Monet’s Garden Then & Now

giverney_1.jpg Photo by Chris Card Fuller
The National Geographic Traveler Paris contains some nice details about Monet’s garden that you’ll want to keep in mind as you take your tour.
I had been aware that the house and gardens were in a poor state of disrepair when they were first donated to the Academie des Beaux Arts in 1966. But what I didn’t know until reading the National Geographic Traveler’s article (writers Lisa Davidson and Elizabeth Ayer), is how much trouble Monet had in getting permission to divert the Epte River. This would be necessary to create the now famous lily pond with its surrounding exotic bamboo forest, wisteria and weeping willows. Apparently the local government strongly disapproved of what appeared to be an incredibly ostentatious project (and were they ever right!)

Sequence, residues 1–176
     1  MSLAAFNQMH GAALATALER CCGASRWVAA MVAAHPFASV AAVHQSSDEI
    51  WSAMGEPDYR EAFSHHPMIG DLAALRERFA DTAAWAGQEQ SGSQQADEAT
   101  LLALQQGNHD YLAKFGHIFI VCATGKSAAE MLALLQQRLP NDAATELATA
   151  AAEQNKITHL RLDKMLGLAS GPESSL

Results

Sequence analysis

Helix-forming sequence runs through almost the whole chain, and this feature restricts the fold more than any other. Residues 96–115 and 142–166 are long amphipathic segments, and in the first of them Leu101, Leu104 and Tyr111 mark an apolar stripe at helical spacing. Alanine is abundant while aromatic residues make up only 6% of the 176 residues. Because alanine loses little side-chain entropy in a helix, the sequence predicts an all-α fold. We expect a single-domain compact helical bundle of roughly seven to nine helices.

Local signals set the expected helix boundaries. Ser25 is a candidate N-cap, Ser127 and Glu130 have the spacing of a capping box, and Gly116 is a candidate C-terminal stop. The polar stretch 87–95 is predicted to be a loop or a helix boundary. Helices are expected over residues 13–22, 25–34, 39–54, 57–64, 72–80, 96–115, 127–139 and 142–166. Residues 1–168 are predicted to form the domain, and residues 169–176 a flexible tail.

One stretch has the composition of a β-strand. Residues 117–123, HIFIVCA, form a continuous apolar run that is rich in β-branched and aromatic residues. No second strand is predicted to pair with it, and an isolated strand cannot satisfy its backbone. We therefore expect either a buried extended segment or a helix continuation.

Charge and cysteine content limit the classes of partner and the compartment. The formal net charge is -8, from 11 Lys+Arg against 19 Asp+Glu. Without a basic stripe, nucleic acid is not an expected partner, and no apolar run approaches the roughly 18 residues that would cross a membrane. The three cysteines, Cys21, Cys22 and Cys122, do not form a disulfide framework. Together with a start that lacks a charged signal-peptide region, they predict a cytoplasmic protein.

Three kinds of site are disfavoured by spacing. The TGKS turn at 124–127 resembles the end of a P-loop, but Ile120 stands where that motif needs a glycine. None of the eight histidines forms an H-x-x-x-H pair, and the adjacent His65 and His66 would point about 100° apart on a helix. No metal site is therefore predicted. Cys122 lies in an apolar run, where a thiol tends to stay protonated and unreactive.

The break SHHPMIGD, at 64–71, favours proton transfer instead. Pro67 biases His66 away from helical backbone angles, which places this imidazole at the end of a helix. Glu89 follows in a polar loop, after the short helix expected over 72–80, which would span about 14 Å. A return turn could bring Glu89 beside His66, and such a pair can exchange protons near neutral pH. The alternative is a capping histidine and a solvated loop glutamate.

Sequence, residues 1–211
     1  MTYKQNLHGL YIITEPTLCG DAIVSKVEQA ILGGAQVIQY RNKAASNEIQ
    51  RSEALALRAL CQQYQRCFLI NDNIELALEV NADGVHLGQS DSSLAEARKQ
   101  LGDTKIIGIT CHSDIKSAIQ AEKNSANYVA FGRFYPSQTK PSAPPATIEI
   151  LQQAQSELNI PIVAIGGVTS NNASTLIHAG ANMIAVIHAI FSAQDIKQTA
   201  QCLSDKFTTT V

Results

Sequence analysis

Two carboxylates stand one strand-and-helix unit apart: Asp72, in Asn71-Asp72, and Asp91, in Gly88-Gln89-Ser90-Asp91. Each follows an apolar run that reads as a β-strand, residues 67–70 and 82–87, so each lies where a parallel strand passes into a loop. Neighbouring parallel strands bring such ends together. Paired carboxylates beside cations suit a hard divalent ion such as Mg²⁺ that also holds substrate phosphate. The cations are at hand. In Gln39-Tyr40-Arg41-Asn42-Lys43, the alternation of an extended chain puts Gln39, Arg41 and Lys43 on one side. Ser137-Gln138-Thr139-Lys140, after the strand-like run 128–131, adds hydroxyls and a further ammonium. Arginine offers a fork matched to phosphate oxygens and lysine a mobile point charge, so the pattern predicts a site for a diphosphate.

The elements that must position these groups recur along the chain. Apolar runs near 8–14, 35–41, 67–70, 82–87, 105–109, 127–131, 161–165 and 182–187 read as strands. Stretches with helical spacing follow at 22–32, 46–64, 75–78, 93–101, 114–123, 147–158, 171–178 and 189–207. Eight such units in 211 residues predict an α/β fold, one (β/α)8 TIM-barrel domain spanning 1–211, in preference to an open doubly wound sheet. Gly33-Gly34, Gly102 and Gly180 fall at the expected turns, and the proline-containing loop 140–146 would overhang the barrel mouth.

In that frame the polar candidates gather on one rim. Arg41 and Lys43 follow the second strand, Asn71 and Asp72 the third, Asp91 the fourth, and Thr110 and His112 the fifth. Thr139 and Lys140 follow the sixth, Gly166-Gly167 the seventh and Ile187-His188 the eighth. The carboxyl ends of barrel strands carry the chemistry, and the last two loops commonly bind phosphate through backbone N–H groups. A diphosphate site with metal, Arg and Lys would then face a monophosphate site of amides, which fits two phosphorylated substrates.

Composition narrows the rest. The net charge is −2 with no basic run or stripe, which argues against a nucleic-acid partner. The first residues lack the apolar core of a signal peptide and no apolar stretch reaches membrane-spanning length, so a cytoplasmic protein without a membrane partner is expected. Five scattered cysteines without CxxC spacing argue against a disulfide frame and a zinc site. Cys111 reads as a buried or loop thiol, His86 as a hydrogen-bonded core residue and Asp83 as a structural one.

Although Monet’s house is normally jam-packed and claustrophobic during the summer months (see my previous entry re seasons) it’s still worth the visit, first of all to see his collection of Japanese prints, but also to admire the cheery blue-tiled kitchen and yellow dining room. According to the National Geographic Traveler Paris, Monet loved to entertain his friends in this part of the house where everyone contributed a recipe or two – Rodin, Mallarme, Sacha Guitry – for example.




One wonders if any residents had survived to this day whether they would be pleased or horrified at the busloads of tourists who come to admire Monet’s gardens. Monet did not admire the traditional classical French garden. Yet his garden is not exactly romantic English either. Flowers are planted row after row with the straightforwardness of a nursery – yet flowers are left to bump into one another like unruly school kids who refuse to keep in line.

Maybe the reason why so many of us who visit Monet’s garden feel at home here is because we not only love looking at the flowers – but we feel as if we are those flowers, at least the part of us that just wants to burst into rainbow colors and sing out of tune.